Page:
Joseph is one of those characters that has always intrigued me. His is an apparently strange story in the nativity, and we hear little, if anything about him afterwards. But behind the scenes he is quite an extraordinary figure.
He is engaged to Mary, probably about 14 or so. Who gets pregnant. What the?!! And then claims "God did it." But he sticks by her... Pretty much. She's farmed out to a cousin for a while perhaps. But he does then take her to Bethlehem to register with him in the Augustine census.
I've been lucky enough - if you can call it that - to go to Bethlehem with The Amos Trust and spend some time with Palestinian Christians. It was a powerful 10 days, as Jonny has testified with his Backbone CD. These are people who's families have been Christians, living and working and dying in the same soil as Christ himself, for thousands of years. They are the 'living stones' scattered among the old ruins of the religious sites. Both need tending to preserve our future.
One of the most amazing parts of the trip was a visit to the Church of the Nativity. As our Palestinian guide explained, Bethlehem is such a short trip from Jerusalem, with nothing of any significance further south, there would never have been an 'inn' there. Plenty in Jerusalem. And if Joseph was coming to register in his family's town, he would naturally have stayed with family. But there was 'no room'. In other words, his family chucked him out. He'd brought a pregnant girl with him out of wedlock to the biggest family reunion in years, and frankly that was totally out of order. They appeared to have sheltered in a cave under the house where the animals were kept. This wasn't generousity on the part of some kindly innkeeper. This was savage neglect on the part of a family who dare not entertain disrepute.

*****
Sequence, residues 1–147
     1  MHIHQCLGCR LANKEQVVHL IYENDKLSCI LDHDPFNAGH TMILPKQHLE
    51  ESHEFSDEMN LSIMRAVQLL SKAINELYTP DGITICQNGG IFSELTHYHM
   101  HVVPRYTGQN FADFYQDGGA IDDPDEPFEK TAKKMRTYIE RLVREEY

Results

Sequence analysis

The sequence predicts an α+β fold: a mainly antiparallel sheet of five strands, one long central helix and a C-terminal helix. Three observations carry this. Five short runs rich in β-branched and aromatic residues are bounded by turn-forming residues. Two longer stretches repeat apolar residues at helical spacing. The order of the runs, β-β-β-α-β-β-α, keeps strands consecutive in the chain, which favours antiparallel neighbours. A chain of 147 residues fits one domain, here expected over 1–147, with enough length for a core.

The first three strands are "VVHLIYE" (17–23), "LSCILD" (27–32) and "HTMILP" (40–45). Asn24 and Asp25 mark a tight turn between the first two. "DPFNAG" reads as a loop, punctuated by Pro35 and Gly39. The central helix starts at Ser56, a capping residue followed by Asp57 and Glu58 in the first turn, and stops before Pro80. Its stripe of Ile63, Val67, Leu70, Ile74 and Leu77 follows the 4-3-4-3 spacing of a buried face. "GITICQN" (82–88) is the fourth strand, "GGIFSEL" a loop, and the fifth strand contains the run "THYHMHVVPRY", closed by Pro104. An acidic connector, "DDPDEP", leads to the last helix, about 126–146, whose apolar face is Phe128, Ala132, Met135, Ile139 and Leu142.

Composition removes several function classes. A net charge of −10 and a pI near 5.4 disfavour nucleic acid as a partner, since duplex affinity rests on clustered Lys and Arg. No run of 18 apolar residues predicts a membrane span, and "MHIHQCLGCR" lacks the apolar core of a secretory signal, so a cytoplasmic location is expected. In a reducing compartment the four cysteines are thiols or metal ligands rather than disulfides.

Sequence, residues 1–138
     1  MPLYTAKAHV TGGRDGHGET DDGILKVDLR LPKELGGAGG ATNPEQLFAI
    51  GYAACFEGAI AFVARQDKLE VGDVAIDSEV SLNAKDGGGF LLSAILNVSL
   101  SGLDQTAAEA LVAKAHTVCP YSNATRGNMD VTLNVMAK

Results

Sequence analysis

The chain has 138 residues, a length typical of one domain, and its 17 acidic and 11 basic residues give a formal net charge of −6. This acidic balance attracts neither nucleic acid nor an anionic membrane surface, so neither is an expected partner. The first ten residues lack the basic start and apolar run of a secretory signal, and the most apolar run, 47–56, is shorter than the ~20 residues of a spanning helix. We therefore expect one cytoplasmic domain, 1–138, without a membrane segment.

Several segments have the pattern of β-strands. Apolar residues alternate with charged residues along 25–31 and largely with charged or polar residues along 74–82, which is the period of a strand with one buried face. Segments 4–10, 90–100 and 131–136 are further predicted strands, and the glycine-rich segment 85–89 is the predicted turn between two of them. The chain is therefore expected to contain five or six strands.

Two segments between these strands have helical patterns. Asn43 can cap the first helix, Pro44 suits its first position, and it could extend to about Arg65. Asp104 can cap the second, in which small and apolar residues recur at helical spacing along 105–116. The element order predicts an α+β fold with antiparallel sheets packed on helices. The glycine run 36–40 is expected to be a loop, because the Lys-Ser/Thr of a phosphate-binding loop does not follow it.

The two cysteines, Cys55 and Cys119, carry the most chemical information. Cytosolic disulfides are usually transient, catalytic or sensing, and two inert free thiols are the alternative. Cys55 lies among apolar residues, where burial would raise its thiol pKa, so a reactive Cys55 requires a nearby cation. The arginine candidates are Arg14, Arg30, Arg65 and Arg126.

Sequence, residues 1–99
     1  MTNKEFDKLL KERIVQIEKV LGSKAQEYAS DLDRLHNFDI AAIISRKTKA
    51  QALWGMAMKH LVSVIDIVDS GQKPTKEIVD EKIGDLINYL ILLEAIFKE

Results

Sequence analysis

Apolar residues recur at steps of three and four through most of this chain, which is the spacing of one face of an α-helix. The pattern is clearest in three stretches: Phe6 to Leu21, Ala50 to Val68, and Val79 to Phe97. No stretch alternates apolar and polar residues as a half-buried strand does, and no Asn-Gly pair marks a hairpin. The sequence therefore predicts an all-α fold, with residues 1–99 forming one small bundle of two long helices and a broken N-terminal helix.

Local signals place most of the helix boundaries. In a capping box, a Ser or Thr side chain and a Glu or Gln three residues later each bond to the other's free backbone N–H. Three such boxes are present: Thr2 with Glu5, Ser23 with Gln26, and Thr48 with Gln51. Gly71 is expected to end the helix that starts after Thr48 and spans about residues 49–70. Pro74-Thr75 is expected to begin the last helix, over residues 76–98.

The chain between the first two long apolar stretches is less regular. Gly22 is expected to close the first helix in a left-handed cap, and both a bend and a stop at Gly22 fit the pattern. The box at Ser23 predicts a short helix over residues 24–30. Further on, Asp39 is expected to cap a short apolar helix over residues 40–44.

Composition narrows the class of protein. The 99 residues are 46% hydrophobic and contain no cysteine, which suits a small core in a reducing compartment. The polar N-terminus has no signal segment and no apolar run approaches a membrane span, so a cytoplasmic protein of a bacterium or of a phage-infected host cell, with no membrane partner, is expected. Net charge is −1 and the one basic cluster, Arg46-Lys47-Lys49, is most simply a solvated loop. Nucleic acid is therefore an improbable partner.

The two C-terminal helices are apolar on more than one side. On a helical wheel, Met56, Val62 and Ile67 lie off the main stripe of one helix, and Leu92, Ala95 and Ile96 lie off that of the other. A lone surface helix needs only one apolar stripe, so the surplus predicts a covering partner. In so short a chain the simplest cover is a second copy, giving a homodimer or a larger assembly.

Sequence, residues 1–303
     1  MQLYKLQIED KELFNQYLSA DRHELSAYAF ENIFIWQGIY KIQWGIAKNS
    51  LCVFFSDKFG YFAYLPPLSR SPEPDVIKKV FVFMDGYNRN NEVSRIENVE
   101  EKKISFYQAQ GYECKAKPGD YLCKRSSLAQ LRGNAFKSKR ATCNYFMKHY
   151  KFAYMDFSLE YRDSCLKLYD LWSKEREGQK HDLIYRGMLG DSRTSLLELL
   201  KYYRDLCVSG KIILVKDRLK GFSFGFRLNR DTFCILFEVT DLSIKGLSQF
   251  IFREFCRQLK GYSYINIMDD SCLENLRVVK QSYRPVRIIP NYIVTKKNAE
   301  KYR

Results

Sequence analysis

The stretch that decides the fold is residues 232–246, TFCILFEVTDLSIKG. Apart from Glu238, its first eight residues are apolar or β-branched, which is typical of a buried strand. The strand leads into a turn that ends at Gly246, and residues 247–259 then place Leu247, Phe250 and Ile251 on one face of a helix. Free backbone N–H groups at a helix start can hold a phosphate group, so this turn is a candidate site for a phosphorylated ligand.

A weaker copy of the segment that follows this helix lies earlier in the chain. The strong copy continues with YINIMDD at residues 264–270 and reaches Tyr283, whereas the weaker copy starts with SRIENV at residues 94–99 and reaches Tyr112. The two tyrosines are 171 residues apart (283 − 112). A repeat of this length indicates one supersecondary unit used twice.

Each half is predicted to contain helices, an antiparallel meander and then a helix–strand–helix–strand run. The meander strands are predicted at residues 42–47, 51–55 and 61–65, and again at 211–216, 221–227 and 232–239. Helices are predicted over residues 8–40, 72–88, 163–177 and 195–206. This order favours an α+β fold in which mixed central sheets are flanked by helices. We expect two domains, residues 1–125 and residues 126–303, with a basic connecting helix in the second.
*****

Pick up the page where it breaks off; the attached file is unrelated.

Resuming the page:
This, for me, makes Joseph an extraordinary figure. Not only was he prepared to accept Mary and her unlikely story, he was prepared to take her to his family, to publicly announce his faith and acceptance of her. And then to uproot his family for years to protect them.
It's unclear what his family later made of him, or Jesus. But if we are to believe the family tree as presented in the gospels, it's pretty clear that plenty of his forebears had had some pretty alternative relationships too. This is God's bloodline: messy, different, challenging... but faithful, trusting and ox-strong. It's an inheritance Jesus must have been thankful for.